Written by: Julia Hardy
Shenxiu's students produced several compilations of his teachings. One of these includes the earliest known example of the Chan lineage of succession. It was at about the same time that Shenhui began to assert that that each patriarch could have only one legitimate successor, and that his teacher, Huineng (638-713), was the true sixth patriarch and only legitimate successor to Hongren. Shenhui was not a meditation teacher, but he was a gifted storyteller and also a proponent of the idea of sudden enlightenment—achieved not over long periods of practice but in an instant.
Shenhui's claims on behalf of Huineng led to a conflict among the Chan schools. Those supporting Shenxiu came to be known as the Northern Schools, and those supporting Shenhui, the Southern Schools. The debate about legitimacy was resolved when another Southern School group, the Oxhead school, dropped its own lineage claims and accepted Shenhui's claim on behalf of Huineng, including the claim to the exclusivity of succession.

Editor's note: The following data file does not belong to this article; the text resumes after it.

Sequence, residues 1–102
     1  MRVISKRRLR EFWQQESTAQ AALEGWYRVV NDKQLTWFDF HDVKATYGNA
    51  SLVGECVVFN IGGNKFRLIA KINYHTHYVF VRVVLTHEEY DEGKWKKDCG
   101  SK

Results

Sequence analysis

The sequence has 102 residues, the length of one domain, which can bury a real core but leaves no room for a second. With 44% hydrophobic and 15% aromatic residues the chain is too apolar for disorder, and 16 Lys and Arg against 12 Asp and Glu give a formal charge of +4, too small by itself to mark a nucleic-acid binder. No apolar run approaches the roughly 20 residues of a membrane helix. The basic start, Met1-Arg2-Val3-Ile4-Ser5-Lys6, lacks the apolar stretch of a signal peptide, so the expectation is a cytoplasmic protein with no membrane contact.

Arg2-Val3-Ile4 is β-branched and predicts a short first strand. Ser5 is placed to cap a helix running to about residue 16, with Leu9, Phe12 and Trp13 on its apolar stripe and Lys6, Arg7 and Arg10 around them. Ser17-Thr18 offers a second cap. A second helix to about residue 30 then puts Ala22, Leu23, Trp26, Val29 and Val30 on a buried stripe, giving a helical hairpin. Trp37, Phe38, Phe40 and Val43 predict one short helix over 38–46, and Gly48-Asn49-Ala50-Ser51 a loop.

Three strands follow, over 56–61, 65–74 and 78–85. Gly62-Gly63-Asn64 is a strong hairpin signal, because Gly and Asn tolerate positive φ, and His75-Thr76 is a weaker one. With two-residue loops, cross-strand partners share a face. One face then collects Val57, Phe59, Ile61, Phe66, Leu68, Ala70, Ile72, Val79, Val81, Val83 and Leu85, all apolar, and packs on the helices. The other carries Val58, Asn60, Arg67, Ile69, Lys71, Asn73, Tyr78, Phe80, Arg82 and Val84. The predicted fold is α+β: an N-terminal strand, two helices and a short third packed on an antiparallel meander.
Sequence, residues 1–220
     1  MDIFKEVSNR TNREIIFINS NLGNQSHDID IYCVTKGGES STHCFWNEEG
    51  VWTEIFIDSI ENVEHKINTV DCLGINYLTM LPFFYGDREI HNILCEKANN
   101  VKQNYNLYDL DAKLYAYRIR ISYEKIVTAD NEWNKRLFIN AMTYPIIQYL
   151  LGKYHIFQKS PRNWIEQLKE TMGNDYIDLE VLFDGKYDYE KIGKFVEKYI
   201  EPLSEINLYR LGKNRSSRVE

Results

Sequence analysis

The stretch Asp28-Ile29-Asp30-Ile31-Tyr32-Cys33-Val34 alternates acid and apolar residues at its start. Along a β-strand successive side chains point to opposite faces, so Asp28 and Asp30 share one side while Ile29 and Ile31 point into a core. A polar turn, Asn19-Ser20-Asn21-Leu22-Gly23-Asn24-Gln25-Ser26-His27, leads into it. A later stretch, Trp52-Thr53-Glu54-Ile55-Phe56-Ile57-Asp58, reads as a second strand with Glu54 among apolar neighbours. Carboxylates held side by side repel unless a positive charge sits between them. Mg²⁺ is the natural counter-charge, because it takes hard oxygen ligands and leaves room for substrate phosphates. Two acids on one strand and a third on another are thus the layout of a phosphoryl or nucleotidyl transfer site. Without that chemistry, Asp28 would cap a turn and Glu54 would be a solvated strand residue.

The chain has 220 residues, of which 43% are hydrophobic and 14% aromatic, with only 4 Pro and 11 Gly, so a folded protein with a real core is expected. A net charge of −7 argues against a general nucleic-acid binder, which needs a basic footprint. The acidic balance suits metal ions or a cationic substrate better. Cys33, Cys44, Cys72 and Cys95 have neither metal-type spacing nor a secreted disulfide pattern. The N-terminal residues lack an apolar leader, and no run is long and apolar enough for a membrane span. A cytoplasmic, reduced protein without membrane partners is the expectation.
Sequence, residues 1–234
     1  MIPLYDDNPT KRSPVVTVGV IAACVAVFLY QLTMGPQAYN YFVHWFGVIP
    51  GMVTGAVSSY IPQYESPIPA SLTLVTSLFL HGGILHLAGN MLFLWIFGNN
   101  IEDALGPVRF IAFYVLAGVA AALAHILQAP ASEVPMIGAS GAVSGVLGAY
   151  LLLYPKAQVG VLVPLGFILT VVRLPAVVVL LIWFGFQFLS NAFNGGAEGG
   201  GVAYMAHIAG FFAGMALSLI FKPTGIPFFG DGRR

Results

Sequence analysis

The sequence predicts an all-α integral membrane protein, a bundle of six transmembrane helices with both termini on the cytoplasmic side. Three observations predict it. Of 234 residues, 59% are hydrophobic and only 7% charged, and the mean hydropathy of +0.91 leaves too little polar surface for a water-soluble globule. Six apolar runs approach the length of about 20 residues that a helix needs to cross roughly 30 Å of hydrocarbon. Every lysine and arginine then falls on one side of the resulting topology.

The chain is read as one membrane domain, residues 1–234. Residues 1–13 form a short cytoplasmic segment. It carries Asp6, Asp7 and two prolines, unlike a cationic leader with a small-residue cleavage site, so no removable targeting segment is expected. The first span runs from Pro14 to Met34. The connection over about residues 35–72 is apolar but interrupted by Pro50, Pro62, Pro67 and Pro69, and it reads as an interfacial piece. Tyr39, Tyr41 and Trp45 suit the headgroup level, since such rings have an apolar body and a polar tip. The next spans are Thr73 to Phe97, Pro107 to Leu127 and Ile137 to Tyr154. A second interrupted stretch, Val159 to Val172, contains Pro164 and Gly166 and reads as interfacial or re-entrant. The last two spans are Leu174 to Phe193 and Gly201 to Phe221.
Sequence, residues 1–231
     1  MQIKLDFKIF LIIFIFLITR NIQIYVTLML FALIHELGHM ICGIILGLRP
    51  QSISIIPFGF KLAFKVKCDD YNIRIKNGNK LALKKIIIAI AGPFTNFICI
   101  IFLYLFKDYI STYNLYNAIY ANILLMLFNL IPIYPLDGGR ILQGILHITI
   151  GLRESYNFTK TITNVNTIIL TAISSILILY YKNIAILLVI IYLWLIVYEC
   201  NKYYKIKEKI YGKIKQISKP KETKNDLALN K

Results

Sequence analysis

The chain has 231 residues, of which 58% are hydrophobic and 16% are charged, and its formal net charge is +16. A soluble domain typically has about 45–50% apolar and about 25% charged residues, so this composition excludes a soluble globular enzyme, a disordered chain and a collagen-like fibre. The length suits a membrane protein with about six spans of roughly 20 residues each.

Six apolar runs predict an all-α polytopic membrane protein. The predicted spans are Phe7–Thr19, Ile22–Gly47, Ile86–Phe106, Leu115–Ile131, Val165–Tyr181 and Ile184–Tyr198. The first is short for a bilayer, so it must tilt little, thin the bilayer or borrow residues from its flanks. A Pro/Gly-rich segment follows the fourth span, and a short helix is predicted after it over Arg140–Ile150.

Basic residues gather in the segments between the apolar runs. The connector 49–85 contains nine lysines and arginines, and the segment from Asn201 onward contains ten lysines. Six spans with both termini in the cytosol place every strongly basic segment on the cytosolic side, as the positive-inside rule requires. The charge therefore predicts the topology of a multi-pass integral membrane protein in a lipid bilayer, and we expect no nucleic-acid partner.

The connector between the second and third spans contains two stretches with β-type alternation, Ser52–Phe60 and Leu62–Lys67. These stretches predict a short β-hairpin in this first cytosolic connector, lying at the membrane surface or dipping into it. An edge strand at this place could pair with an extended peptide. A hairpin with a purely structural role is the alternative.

Also supporting Shenxiu's claims was the Platform Sutra, which first appeared around 789 and is believed by some to have been written by someone in the Oxhead school. The sutra recounted the legend of Huineng's secret appointment as Hongren's successor. Ironically, in the sutra's account Huineng named all of his disciples as his successors, effectively ending the notion of the one true successor. Another element of Shenhui's argument did persist, that the dharma is something that can only be transmitted directly from enlightened teacher to student, and "dharma transmission" became an essential concept in Chan Buddhism.
Huineng's status as sixth patriarch was strengthened with the appearance of the Platform Sutra. It was also around this time that the tradition, which had gone by several different names, acquired the name of Chan. Chan is the Chinese transliteration of the Sanskrit word dhyana, which means concentrated meditation. The name was well-suited, given Chan's emphasis on the practice of meditation.
One innovation of the growing Chan tradition was that gradually lay followers were encouraged to learn and practice meditation. At one monastery, for instance, large groups would gather for intensive training over a two-week period, at the end of which they would receive certificates of enlightenment and dharma names. Ordinary people who were not monks were believed capable of grasping Chan teachings if given the opportunity, just like the legendary illiterate sixth patriarch Huineng.
1. How is Zen's beginning explained?
2. What is the role of patriarchy in Zen?
3. Who was Shanxiu? How was he in conflict with Shenui?
4. Why was Chan accessible to ordinary people?